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CDC: Fentanyl use drove record high overdose deaths in 2017

19 August 2018

Almost 72,000 Americans died from a drug overdose in 2017, about 7 percent more than in the previous year, according to new provisional data from the Centers for Disease Control and Prevention.

Some of the states that saw the largest increase were North Carolina and New Jersey, each reporting an increase of better than 20 percent in 2017.

A Washington Post analysis of the report found that the increase in overdose deaths was largely due to a surge in the use of synthetic opioids such as fentanyl.

Initially, the opioid epidemic mainly affected white populations in rural areas. Preliminary data from MA illustrates the death rate will continue to fall in 2018.

More than 72,000 Americans died from drug overdoses in 2017, according to preliminary data from the Centers for Disease Control and Prevention (CDC), a new record.

In addition to the three New England states, overdose deaths fell in Wyoming (minus 33 percent), Utah (minus 12 percent), Oklahoma (minus 9 percent), Montana (minus 8 percent), South Dakota (minus 8 percent), Hawaii (minus 5 percent), Kansas (minus 2 percent), MS (minus 2 percent), New Mexico (minus 2 percent) and North Dakota (minus 1 percent).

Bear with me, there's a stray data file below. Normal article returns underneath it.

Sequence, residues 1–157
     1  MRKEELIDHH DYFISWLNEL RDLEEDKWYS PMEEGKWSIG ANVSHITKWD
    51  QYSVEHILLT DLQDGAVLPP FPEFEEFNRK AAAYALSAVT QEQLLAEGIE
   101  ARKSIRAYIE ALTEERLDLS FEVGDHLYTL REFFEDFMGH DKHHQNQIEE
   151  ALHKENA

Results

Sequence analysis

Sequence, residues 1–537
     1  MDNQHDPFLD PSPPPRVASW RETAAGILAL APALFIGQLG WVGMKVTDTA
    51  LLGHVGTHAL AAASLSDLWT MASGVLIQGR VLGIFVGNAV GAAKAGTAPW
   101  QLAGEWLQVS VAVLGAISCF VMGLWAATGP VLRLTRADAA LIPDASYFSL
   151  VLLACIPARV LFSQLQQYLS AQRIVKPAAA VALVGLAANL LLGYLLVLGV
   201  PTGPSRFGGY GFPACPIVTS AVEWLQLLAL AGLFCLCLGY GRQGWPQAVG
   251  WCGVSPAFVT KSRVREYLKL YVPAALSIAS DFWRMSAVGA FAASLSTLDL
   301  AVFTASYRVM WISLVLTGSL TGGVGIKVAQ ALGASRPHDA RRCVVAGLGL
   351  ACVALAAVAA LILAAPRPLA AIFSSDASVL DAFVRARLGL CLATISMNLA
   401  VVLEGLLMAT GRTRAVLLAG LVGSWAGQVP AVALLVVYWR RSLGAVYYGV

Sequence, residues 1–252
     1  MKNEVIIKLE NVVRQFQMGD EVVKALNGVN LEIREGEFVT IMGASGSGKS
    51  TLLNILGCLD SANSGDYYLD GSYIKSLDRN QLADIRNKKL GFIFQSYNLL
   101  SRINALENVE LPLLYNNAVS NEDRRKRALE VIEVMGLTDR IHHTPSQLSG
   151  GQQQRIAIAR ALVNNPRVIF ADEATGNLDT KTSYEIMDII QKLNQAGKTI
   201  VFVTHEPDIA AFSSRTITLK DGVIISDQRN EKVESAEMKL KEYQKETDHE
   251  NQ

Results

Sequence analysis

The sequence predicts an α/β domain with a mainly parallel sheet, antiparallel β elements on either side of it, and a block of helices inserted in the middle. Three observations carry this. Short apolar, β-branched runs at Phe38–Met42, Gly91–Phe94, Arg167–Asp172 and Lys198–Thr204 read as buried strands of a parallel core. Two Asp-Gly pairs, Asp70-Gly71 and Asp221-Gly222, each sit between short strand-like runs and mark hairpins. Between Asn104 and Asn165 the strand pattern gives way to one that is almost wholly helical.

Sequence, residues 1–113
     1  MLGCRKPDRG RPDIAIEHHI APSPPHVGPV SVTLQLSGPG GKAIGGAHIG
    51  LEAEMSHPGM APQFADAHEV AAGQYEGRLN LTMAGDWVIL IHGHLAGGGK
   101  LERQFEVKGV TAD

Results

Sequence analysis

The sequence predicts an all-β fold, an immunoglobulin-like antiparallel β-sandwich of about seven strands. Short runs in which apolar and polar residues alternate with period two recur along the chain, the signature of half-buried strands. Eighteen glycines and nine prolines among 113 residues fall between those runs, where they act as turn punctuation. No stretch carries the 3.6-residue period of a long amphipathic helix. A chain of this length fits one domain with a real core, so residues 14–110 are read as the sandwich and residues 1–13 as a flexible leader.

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The CDC cautions that these figures are early estimates based on monthly death records processed by the agency.

Editor's note: This article was updated August 17.

Here and across the country, the rise in deadly overdoses has been driven by synthetic drugs, including fentanyl. Nebraska reported an increase of over 33 percent. Continuing funding may help more states develop the kind of public health programs that appear to have helped in New England.

In 2017, New Hanover Regional Medical Center EMS responded to 529 opioid overdoses, according to data provided by a spokesperson. "That's particularly true for places where it wasn't already there". New Hampshire had the most deaths in Northern New England (458 in January 2017 and 472 in January 2018) but the number of deaths increased at a slower rate (3.1 percent). Numerous measures, which have passed the House but have not reached the Senate floor, are focused on reducing medical prescriptions of opioids, and are meant to reduce the number of new drug users.

A safer injection facility allows people to use opioids like heroin in a supervised location where a caregiver can administer naloxone if the person overdoses.

The epidemic could also intensify again. If that becomes more widespread, the overdose rates in the West could explode as they have in parts of the East.

CDC: Fentanyl use drove record high overdose deaths in 2017